Thursday, March 17, 2016

The Question of Madness

Another possible explanation of who Jesus Christ was is that He was delusional. This view claims He really thought He was God and was wrong. It avoids the problem of having to explain how the idea could have grown up slowly over time, with little time to do so. It also avoids the problem of how the apostles could have pulled off the perfect scam with no obvious motive for doing so. The question is whether this at all accords with the character of Jesus as it has come down to us. Does He at all sound like a megalomaniac?

We have an example of an individual from about the same time with just such a delusion. He was the Roman Emperor Caligula. He seems to have honestly thought he was a god. He also had the obvious characteristics of such a delusion: overweening pride, capriciousness, and unbridled selfishness. We do not see any of those characteristics in Jesus. In fact, when He makes the most incredible claims, He frequently does so offhand, without the chest-beating expected from a megalomaniac. Also, Christian ethics, which advocates humility, putting others before ourselves, and helping the poor and downtrodden, does not fit at all with this mindset. When you compare the whole pattern of Caligula's behavior - putting people to death on false charges so he could confiscate their money, forcing other people's wives into his bedroom, ordering his soldiers to pick up shells at the seashore so he could say he had plundered the sea, wanting to make his horse a senator -  with the character of Jesus as presented in the gospels, it is hard to find a greater contrast.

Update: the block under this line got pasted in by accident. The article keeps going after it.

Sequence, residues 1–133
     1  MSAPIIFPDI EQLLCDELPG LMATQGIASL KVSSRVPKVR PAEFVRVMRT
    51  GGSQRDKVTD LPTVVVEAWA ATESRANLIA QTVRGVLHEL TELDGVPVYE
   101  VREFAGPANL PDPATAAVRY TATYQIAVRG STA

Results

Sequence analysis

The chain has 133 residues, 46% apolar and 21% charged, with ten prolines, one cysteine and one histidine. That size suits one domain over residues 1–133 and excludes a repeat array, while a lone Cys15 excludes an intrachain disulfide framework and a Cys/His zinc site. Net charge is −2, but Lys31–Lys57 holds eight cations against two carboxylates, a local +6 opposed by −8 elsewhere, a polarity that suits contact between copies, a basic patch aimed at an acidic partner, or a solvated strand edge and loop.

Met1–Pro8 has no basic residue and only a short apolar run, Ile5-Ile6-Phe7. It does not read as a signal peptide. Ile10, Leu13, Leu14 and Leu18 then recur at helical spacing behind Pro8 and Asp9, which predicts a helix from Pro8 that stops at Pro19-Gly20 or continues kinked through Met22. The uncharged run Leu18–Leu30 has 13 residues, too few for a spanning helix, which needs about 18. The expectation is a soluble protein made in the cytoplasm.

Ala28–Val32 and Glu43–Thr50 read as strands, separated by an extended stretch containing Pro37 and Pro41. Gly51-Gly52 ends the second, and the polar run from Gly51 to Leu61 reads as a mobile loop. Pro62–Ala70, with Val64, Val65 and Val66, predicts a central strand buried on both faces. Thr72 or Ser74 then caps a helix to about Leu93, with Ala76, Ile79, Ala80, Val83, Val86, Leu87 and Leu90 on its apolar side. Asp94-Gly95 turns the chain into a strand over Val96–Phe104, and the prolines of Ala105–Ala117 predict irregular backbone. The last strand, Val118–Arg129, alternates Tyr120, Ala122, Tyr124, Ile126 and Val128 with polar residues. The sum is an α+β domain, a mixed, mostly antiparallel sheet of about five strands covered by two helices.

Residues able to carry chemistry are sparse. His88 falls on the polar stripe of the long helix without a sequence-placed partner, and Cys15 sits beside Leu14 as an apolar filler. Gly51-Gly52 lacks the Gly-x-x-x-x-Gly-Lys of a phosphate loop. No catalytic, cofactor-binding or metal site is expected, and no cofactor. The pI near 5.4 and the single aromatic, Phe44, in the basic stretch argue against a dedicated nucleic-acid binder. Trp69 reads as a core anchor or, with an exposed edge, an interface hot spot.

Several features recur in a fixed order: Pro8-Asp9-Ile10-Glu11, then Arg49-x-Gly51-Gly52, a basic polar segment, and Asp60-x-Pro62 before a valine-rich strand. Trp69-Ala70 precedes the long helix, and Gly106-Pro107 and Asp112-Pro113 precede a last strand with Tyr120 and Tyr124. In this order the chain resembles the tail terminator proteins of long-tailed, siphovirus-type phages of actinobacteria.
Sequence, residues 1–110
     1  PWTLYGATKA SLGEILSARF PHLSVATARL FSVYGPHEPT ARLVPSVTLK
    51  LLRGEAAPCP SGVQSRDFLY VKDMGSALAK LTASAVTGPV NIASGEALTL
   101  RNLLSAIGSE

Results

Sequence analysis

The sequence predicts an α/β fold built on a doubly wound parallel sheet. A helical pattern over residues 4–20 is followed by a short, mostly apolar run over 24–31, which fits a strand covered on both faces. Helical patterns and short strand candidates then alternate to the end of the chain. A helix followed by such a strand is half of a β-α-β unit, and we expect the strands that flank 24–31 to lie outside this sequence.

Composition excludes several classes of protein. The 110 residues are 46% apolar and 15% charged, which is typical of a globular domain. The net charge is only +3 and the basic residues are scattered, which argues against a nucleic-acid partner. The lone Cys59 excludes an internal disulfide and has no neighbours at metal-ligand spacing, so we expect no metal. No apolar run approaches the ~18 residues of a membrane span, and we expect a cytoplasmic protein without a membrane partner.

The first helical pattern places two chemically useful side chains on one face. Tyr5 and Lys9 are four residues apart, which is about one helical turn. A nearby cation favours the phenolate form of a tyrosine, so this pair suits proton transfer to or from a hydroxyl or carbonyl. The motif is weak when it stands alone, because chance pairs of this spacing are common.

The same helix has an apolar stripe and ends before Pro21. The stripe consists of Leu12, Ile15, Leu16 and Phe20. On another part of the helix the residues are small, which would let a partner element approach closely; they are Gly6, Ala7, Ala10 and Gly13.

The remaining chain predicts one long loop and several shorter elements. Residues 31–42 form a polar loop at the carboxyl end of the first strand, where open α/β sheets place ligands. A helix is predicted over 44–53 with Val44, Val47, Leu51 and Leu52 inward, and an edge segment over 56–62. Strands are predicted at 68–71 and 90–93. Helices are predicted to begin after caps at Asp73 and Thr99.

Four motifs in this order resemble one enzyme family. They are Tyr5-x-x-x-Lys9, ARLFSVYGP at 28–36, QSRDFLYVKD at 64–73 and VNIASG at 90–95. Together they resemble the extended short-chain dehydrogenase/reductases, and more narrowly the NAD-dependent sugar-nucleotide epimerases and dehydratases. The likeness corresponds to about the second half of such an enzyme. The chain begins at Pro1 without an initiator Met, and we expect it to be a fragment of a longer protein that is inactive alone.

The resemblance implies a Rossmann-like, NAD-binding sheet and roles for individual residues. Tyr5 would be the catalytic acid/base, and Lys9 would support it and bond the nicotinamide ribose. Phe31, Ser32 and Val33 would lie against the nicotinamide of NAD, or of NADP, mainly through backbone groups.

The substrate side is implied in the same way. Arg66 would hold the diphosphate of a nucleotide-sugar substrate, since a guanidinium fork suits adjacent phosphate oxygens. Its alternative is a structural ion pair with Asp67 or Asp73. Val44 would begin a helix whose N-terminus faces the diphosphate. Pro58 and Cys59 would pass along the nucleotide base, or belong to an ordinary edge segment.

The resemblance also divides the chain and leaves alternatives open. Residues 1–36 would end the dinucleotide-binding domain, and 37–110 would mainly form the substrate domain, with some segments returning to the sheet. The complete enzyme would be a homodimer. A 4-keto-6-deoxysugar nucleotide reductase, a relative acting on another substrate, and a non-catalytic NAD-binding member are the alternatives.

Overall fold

But could Jesus' disciples have somehow corrected His original statements? This makes no sense, for why would someone sensible enough to make such a correction and who was capable of pulling it off be following a megalomaniac?  Or could Jesus have been reasonable and sensible and His followers delusional? But why would a number of people develop this delusion about a man who had done nothing to encourage it, and why should anyone believe them? And would not Christianity's critics have pointed out the discrepancies?

But the biggest question is, why would anyone believe such a person? Perhaps a few of his immediate friends. But could it have spread and been generally accepted? But if we dismiss the madman, the con artist, and the legend, what are we left with? The remaining option is that Jesus was in fact who He claimed to be, the Son of God come to pay the price for our sins.

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